Social Stigma on the Gluten-Free Diet
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Health and Wellness

The Gluten-Free Trend Has Created A Stigma Around The Gluten-Free Allergy

While I am thankful that there are more gluten-free options than ever, I am tired of having to defend my allergy and diet.

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The Gluten-Free Trend Has Created A Stigma Around The Gluten-Free Allergy

I have been gluten-free for around five years now. In the last five years, gluten-free options have grown exponentially, from grocery stores to restaurants to bagel shops. I have been able to eat healthily and take care of myself, however, the social stigma surrounding gluten-free foods has impacted my mental attitude towards it.

The growing trend in gluten-free foods is due to an increase in the number of people going gluten-free, a simple also known as supply and demand curves. More people than ever are being diagnosed with Celiac's disease. According to a Beyond Celiac analysis in 2009, this year there the Celiac diagnosis rate is predicted to be 50-60% due to awareness, whereas in previous years 83% of people with Celiac's disease will be undiagnosed. More people are going gluten-free and staying healthy! However, it has become a trend to start a gluten-free diet. With little research done about if going gluten-free without necessity is helpful, or even potential hurtful, this new trend has created some benefits and problems.

First, there is more of a demand for gluten-free foods. There are more options than ever and eating this diet has never been easier. Second, the trend has created an increase in awareness and people are being properly diagnosed. According to Beyond Celiac, 1 in 133 Americans has Celiac disease. Not being properly diagnosed can lead to severe symptoms and effects.

On the other hand, there are more problems than benefits. This trend has created a stigma, as well as false information, surrounding gluten-free diets.

A time I encountered the stigma and false information about my diet was a conversation between two classmates. One was informing the other of her friend who is a model, strikingly thin, and gluten-free. She claimed that she wished she could eat gluten-free because she would lose weight, but she did not have the willpower to not eat carbohydrates. When eating a gluten-free diet, one avoids grains in favor of gluten-free replacements, which have more sugar and fat, often making one gain weight.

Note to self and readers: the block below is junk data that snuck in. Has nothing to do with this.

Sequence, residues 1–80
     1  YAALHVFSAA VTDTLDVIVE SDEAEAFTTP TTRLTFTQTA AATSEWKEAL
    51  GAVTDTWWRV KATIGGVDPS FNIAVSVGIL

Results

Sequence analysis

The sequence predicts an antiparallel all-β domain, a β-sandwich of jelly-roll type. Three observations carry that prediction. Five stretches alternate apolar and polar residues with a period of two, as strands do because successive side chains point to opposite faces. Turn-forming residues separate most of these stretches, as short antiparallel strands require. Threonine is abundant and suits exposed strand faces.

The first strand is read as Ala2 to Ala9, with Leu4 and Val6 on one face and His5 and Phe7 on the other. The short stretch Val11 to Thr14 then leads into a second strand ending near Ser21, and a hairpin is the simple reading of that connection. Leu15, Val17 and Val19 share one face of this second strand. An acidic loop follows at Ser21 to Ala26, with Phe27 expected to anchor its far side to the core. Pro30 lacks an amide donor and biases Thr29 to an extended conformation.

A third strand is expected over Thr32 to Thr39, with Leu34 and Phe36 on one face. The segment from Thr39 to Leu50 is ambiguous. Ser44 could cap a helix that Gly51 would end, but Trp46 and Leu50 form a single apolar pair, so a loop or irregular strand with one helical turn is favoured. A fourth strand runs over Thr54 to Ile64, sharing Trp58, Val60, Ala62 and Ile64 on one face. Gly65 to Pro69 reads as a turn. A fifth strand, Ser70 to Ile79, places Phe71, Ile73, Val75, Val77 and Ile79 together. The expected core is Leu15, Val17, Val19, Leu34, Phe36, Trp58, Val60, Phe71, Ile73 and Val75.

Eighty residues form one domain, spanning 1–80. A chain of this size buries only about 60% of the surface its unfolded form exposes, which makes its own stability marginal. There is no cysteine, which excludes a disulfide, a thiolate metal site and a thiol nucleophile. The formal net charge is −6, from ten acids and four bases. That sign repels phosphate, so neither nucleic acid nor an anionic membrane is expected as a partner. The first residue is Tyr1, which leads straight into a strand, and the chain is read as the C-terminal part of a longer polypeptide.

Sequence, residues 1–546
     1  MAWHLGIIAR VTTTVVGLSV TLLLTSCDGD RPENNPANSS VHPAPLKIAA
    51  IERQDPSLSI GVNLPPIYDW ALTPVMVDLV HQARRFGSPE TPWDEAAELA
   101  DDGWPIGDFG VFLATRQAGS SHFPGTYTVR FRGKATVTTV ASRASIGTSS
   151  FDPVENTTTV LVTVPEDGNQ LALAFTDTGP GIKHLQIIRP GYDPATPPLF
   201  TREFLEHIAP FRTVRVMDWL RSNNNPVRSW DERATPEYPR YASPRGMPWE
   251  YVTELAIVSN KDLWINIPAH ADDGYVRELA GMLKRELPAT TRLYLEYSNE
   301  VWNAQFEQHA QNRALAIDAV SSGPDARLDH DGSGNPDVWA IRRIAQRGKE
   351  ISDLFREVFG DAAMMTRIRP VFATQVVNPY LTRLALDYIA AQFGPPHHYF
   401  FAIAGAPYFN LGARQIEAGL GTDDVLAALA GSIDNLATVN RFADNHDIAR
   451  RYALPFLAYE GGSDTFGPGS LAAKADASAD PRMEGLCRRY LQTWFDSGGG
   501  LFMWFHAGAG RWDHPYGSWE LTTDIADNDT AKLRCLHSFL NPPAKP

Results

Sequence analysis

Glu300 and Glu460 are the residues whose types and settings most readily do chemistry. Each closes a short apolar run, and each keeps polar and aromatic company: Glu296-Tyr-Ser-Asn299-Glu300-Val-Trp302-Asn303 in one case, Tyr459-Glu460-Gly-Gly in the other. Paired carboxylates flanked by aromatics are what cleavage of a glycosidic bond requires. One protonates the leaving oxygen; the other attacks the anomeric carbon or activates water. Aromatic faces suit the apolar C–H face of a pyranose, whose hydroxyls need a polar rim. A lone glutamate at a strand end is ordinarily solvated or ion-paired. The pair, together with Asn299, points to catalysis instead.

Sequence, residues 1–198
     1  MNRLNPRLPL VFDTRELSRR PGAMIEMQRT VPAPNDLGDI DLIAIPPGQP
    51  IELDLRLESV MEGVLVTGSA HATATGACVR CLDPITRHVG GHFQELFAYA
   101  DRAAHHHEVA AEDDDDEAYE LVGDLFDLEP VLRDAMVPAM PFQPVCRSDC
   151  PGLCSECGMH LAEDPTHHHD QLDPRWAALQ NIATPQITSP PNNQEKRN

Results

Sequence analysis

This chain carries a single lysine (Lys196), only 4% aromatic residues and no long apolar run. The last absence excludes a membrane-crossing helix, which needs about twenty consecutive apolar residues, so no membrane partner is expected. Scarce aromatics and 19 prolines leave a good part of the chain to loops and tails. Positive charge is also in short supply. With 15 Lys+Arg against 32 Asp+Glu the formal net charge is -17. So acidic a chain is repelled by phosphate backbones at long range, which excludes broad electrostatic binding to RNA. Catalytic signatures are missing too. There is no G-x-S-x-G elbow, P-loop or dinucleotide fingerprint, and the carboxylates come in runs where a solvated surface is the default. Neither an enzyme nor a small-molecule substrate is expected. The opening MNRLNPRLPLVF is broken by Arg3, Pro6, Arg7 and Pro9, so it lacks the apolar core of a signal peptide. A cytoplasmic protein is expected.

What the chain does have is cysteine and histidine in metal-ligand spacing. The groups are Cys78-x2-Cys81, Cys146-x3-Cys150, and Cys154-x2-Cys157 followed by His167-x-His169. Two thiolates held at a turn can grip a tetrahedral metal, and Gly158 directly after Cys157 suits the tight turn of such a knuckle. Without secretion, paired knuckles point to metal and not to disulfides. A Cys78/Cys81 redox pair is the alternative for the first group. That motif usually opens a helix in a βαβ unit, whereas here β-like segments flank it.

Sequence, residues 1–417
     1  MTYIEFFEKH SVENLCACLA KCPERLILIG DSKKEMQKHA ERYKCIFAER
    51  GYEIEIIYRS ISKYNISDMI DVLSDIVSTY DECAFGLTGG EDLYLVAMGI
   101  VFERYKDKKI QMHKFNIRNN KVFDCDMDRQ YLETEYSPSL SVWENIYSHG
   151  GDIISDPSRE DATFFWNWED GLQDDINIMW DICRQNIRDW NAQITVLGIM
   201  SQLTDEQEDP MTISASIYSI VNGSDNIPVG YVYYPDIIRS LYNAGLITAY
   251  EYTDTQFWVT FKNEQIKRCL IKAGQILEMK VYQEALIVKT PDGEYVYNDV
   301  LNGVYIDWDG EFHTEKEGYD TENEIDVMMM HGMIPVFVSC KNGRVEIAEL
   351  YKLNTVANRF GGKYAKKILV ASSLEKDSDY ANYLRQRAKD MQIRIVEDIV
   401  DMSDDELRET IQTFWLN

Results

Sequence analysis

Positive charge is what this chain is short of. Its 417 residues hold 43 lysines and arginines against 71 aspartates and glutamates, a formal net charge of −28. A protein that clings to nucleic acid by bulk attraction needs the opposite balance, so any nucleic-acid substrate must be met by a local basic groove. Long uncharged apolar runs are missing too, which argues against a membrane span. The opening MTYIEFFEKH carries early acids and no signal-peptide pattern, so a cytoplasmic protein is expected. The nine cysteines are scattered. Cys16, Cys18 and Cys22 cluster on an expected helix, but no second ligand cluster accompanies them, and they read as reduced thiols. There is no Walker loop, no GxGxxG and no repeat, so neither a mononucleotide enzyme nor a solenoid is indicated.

Glorifying this diet as a trendy, new, slimming diet plan only creates the stigma that this is not a serious health plan.

Another time I encountered this attitude was when I was working in a small bagel shop. Very few of my coworkers knew that I was gluten-free and was not able to eat the bagels. One day a customer came in asking about potential gluten-free options. A coworker informed them that we did not have anything to offer. Later, this coworker informed me that people who are gluten-free have no business walking into a bagel shop. I informed him that I was gluten-free and have driven 25 minutes for a gluten-free bagel before because of the joy of being offered something to eat. The stigma of the "type of person to go gluten-free" created these ideas that, either only trendy people trying to lose weight are gluten-free and that it is not a serious health plan, or that businesses should not have to accommodate.

I did not choose to have this allergy and diet.

People with Celiac disease have intense reactions when eating gluten such as abdominal pain, an inability to absorb nutrients, rash, weight loss, anemia, and vomiting, according to the Celiac Disease Foundation. While I am thankful that there are more gluten-free options than ever, I am tired of having to defend my allergy and diet. Eating gluten-free is not easy, but I have to in order to remain a healthy individual.

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